Skip to main content

Use of languages in cross-border employment : Cosmopolitan Flanders?



The European Court of Justice had to rule on whether the Flemish language legislation is contrary to the freedom of movement for workers in cross-border situations.

Foreign companies often are puzzled about the language to use when drafting an employment contract for an employee either sent (seconded) from abroad to work in Belgium or for one hired locally by a Belgian company. Most foreign companies agree contractual (employment) terms in English as they do not know one of the languages used in Belgium.

The Belgian legislation on the use of languages between the employer and employee is rather complex and differs depending on the region where the place of business to which the employee is linked is situated (Brussels, Wallonia, Flanders, …). Non-compliance with the language rules means, in Flanders, that the employment contract is void, but without prejudice to the employee's right or to the rights of third parties. "Void" means that the parties cannot invoke the provisions stipulated in the agreement.

In its judgement of 16 April 2013 in Case C‑202/11 Anton Las v. PSA Antwerp NV, the European Court of Justice had to rule on whether the Flemish language legislation - by virtue of which the only authentic (valid) contract is that written in Dutch - is contrary to the freedom of movement for workers in cross-border situations.

The Court decided that the Flemish language legislation has a dissuasive effect on non-Dutch speaking employees and employers from other Member States, constituting a restriction on the freedom of movement for workers.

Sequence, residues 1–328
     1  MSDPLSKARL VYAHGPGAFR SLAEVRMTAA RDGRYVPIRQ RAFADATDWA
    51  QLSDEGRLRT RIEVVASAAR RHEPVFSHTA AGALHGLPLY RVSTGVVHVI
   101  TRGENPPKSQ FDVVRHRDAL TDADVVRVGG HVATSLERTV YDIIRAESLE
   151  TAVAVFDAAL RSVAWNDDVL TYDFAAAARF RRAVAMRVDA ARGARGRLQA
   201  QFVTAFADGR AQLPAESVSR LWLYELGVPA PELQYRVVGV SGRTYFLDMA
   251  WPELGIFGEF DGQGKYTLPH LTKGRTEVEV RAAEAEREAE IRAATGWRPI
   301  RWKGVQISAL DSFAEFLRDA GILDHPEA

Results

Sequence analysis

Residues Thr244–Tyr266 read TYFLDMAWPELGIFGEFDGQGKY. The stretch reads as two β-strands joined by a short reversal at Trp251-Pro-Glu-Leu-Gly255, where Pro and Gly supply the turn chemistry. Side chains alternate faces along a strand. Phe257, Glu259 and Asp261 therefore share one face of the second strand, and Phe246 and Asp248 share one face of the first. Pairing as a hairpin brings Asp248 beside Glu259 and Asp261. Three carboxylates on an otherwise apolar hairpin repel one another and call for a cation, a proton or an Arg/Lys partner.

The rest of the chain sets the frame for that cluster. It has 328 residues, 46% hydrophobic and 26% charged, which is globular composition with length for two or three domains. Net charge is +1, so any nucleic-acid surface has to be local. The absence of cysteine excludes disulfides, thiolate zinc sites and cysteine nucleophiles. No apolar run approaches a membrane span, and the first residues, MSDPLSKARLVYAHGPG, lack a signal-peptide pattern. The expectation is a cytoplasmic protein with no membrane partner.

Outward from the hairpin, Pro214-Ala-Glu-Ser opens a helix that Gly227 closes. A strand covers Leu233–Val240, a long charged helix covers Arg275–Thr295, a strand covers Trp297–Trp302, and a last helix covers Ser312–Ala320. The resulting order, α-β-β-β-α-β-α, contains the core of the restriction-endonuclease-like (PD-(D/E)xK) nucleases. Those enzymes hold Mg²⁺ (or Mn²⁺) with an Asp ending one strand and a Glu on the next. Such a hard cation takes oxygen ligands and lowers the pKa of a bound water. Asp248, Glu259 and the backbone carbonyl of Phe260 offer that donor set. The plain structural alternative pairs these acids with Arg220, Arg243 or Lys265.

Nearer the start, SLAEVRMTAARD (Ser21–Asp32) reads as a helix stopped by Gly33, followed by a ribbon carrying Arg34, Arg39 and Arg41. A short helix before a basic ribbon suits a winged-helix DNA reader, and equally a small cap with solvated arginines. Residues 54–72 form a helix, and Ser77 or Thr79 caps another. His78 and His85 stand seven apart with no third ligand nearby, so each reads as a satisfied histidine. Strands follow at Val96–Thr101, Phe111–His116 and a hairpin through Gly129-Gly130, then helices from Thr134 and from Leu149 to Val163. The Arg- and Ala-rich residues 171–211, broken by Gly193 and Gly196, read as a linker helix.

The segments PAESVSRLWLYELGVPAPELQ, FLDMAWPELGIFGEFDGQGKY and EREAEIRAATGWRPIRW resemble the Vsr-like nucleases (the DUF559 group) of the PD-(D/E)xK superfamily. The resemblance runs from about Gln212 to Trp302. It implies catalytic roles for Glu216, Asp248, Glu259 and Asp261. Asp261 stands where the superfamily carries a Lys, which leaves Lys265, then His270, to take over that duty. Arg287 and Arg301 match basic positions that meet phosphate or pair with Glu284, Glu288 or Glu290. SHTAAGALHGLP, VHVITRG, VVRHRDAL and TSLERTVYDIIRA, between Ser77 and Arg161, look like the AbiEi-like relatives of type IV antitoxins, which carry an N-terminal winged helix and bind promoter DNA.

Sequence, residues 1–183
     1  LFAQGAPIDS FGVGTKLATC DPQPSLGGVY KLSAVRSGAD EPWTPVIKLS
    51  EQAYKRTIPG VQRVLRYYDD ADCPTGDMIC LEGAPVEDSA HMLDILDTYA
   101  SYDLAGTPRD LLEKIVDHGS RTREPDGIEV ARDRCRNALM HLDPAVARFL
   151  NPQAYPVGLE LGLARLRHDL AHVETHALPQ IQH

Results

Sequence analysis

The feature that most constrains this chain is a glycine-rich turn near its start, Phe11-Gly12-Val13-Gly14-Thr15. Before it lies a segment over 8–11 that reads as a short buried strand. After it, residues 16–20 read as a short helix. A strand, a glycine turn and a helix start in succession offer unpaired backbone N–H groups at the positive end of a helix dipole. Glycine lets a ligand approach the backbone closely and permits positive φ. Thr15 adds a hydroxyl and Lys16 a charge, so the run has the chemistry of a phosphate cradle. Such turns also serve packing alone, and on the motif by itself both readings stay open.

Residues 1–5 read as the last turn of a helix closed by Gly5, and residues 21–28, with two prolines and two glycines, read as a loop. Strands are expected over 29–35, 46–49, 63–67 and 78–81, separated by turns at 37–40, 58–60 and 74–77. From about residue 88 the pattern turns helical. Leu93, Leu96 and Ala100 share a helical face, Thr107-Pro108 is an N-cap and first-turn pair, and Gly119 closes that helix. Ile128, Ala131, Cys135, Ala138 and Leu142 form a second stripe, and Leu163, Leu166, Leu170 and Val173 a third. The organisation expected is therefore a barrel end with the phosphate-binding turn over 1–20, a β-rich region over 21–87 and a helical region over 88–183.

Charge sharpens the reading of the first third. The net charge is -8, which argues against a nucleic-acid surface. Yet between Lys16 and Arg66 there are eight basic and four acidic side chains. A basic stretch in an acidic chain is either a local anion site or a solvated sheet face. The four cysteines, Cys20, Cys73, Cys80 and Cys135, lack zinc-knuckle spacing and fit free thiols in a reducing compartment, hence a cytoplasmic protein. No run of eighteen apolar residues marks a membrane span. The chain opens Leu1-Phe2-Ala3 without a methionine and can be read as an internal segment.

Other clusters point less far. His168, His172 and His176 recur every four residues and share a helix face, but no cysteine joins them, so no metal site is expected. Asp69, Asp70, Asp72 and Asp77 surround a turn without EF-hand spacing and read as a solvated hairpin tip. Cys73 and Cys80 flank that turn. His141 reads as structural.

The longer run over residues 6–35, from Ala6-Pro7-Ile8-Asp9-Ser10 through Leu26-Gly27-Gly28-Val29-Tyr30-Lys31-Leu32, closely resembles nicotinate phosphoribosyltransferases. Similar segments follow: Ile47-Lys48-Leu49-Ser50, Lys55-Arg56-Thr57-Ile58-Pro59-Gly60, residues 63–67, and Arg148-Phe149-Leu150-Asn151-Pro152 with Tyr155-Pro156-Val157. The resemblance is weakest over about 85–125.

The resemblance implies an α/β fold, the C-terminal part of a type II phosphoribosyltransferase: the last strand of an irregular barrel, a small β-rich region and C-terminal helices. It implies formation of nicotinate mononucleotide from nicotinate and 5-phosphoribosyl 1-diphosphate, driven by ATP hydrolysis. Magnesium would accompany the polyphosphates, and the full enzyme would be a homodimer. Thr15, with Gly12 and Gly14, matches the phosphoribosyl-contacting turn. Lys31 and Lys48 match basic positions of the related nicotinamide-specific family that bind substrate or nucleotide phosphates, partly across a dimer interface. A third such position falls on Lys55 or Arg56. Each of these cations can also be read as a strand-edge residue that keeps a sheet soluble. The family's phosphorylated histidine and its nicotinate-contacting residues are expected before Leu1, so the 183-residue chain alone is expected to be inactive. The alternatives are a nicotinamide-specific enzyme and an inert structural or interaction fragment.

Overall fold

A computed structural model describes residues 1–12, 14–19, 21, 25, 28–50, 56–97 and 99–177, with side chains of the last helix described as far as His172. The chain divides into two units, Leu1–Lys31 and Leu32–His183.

The European Court of Justice indeed holds that – in a cross border situation – legislation such as the Flemish Decree on the Use of Languages goes beyond what is strictly necessary to attain the objectives (i.e. promoting the language, ensuring the protection of the employees or ensuring the efficacy of an audit) and cannot therefore be regarded as proportionate.

Advice taken from the ECJ

Even though this judgement concerns the Flemish Decree on the Use of Languages of 19 July 1973, its effects can be extended to the similar Decree of 30 June 1982, which applies to the French-speaking region of Belgium. However, the Decree of 30 June 1982 does specify that, even if only the contract drafted in French is valid, other languages are allowed.

Its application cannot, in our view, be directly extended to the Royal Decree of 18 July 1966 on the use of languages in administrative matters, which applies to employers with an established place of business in the Brussels area, as this Royal Decree does not provide for a nullity sanction (it allows a document in another language to be replaced).

Although the Court only addresses the issue of the employment contract, in our opinion, its scope cannot be limited to employment agreements. We believe it must be extended to all employer/employee relations within the scope of the respective Decrees.

It should be noted that this ruling is based on the freedom of movement for workers. This means that, for its application, it is required that the employment relation in question falls within the scope of this freedom. In a purely internal Belgian context (e.g. employees employed in the Flemish Region by a Belgian entity but receiving a specific bonus plan in English through the US parent), the language regulations remain unaffected.

Please note that if the employee working in Belgium is not linked to any place of business of the foreign company in Belgium (i.e. secondment), the language legislation will not apply in any case. As a consequence, the contract may be drafted in another language than that imposed by federated legislation.

Please do not hesitate to contact us should you require further information on this topic.

Sign up to our email digest

Click to subscribe or manage your email preferences.